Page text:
TenaciousGirl

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(preface: I did do a search for this, sorry if there is an identical older thread that I didn't come across...)

So, whenever I have substantial time off from school, I start mapping out my future. Can anyone relate? Yes, I'm one of those students who plans out my schedule as soon as the classes for next term are posted :)

Anywho, I'd like to be board certified in the future. I've heard some differences of opinion on this ... thoughts? Does anyone think becoming board certified is unessential or pointless?

For those of you who are interested, I recently found out that the ABPP has an "early entry program." I'm not sure how new (or old) this is, but I think it's pretty cool for those of us looking to be board certified. This is what the ABPP has to say about the early entry program, "This program permits qualified students and other pre-licensure individuals to begin the steps toward board certification in professional psychology early in one's career, and starts the process of mentoring and progression toward board certification through ABPP at a reduced fee. Submission of the early entry application will start the process and ABPP will 'bank' your credentials as you complete your training experience. No need to try and gather together all your materials at one time years from now -submit them as they are completed and ABPP will update your application file..."

For further reading or to look at the app you can visit
http://www.abpp.org/i4a/pages/index.cfm?pageID=3299
 

edieb

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Unless you want to be boarded for your own benefit, don't waste your time. I have heard time and time again (and read on the ABPP website) that boarding doesn't do anything to generate extra income and so few people outside (and inside) psychology know anything about psychology boarding, that it won't garner much respect there either.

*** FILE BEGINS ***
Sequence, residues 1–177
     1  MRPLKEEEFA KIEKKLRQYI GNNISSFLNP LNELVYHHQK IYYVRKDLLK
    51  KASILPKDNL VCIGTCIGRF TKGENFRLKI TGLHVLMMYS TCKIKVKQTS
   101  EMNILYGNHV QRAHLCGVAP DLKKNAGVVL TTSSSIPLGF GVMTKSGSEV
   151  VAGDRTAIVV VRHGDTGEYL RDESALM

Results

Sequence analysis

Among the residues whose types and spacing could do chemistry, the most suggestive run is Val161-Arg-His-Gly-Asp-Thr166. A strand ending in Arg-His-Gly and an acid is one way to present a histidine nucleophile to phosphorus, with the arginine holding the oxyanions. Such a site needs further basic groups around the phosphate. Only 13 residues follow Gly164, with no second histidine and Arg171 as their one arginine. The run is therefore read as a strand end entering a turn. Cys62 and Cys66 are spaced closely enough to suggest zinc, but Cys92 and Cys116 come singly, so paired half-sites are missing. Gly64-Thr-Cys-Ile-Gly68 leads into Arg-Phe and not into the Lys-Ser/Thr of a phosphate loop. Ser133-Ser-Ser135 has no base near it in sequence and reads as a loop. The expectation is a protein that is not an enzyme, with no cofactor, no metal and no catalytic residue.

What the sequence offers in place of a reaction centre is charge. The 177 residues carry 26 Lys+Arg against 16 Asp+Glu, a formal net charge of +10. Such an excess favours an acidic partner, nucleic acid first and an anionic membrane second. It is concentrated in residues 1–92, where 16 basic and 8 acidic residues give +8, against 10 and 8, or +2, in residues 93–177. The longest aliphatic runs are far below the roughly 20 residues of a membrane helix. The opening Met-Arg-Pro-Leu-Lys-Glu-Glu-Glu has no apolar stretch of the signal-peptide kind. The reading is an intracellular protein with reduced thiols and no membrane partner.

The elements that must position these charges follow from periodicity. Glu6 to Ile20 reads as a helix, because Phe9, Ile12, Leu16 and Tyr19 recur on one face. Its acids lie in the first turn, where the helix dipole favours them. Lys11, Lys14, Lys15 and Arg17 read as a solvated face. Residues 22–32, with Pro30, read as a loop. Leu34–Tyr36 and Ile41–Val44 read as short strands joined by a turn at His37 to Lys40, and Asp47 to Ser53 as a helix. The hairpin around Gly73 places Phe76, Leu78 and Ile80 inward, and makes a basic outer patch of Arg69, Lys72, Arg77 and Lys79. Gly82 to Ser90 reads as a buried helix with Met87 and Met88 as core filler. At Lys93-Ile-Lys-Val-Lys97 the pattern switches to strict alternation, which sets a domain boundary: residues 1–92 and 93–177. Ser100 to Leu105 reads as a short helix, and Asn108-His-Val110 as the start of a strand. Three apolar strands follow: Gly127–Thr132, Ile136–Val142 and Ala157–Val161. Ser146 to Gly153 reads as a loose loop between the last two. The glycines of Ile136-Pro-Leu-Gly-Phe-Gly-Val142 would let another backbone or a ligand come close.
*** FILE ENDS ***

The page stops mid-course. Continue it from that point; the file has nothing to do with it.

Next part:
TenaciousGirl

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Unless you want to be boarded for your own benefit, don't waste your time. I have heard time and time again (and read on the ABPP website) that boarding doesn't do anything to generate extra income and so few people outside (and inside) psychology know anything about psychology boarding, that it won't garner much respect there either.

I haven't read anything like that on the ABPP website ... do you remember where you saw it? I'd be interested in reading it. So few things in our field qualify someone to get a pay increase it wouldn't surprise me if being boarded didn't matter in that aspect. I don't think people should become boarded for the sole purpose of a pay increase.
 
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Therapist4Chnge

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It also depends where you want to work, and in what area. The general public may not know what it means, but if you work in academic, a medical school, VA, etc...it matters.

I'm doing the early entry program for ABPP ($25 application fee, instead of $100+), and I think it is a great idea. Considering the competition out there (MSWs, LMHCs, etc), something like this could make a difference.
 

erg923

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i brought up this issue a while back regarding boarding in clinical neuropsychology. Please note the follwing is cut and paste from my thread about neuropsychology (ABBP-CN), not simply ABPP. however, I still hold to much of this sentiment and thought some of it might be relevant to the issue.